9 must-watch movies you didn’t know were about climate
By Carla M. Delgado on February 13, 2023 in News + Updates
Throughout the ages, artists have used their canvases to deliver powerful social messages and influence change.
So as stories about extreme weather and environmental catastrophe flood our daily newsfeeds, it’s no surprise that many filmmakers are grappling with the climate crisis — the single biggest planetary health threat facing us today.
From ravaged landscapes to terrifying dystopian societies, our media reveals our innermost fears and anxieties about the future of our world. Mental health professionals say that eco-anxiety, or the fear of environmental doom, is a natural response to a real threat — and movies, TV shows and books naturally reflect the moods of any given era. In fact, a growing number of young people worldwide are reporting increasing feelings of anxiety, anger, powerlessness, helplessness, guilt and dissatisfaction with government responses to the climate crisis.
But while humans may have been imagining the apocalypse for literally hundreds of years — they’ve also been dreaming of a cleaner, more beautiful, more just world. In that spirit, these nine films are reimagining the “cli-fi” genre with stories of hope and resilience — stories about communities coming together to avert catastrophe and stubborn individuals who go up against powerful forces to safeguard the future.
1. The Sea Beast (2022)
In a world where terrifying beasts roam the high seas and ravage coastal towns, monster hunters like the great Jacob Holland are celebrated as heroes. But when a curious young girl, Maisie Brumble, stows away on his fabled ship, they embark on a journey into uncharted waters and discover there may be more to these creatures than meets the eye. This heart-warming film (which is also part of Netflix’s sustainability stories collection) is ultimately about questioning the stories we’re told and standing up for what’s right despite seemingly impossible odds.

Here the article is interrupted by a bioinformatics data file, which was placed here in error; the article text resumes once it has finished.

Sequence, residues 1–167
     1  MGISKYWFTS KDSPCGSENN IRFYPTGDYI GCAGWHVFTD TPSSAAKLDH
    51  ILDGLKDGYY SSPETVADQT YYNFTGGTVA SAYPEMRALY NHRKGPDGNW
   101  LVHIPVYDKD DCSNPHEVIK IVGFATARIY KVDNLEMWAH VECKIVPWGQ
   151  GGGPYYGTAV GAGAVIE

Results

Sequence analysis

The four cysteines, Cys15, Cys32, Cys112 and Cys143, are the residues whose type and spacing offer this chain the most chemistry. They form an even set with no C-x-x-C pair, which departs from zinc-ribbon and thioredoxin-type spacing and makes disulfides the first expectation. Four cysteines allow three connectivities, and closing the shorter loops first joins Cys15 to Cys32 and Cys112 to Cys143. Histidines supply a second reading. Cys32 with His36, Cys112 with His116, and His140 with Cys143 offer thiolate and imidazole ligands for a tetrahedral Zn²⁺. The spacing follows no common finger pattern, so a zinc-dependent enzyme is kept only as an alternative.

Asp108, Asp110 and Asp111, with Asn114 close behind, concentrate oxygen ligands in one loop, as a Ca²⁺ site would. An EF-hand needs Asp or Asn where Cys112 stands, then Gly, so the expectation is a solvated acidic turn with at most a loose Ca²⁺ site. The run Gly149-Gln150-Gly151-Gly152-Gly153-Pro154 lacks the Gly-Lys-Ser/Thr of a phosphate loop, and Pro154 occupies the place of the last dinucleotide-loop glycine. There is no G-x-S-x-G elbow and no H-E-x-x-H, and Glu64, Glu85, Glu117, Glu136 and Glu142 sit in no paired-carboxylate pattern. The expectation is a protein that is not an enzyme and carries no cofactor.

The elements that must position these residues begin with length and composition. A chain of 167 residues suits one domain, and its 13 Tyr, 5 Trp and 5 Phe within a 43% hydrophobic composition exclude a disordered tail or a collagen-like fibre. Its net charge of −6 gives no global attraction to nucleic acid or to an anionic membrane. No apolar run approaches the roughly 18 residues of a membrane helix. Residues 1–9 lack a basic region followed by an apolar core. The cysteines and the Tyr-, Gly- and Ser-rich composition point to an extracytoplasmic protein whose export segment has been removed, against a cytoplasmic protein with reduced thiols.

2. Ponyo (2008)
Many of Studio Ghibli’s films tackle environmental issues, and Ponyo is no different. The film opens by highlighting how human activity in a harbor town has polluted the water with mounds of garbage and murky black sludge. On the surface, this is a story about the friendship between a young boy (Sasuke) and a magical fish that transforms into a little girl (Ponyo). But it’s also a story about Sasuke’s unconditional love for a marine creature and the ocean she inhabits, and the lengths he is willing to go to prove his devotion and save her home.
3. Mowgli: Legend of the Jungle (2018)
Mowgli is an orphaned boy who was raised by a pack of wolves in the jungles of India and has always struggled with a sense of unbelonging. But as the human and animal worlds collide, Mowgli finds he alone is uniquely positioned to act as a bridge between these two forces. The film’s message rings clear: harmony and mutual respect between humans and nature is necessary for the survival and prosperity for all.
4. Falling Inn Love (2019)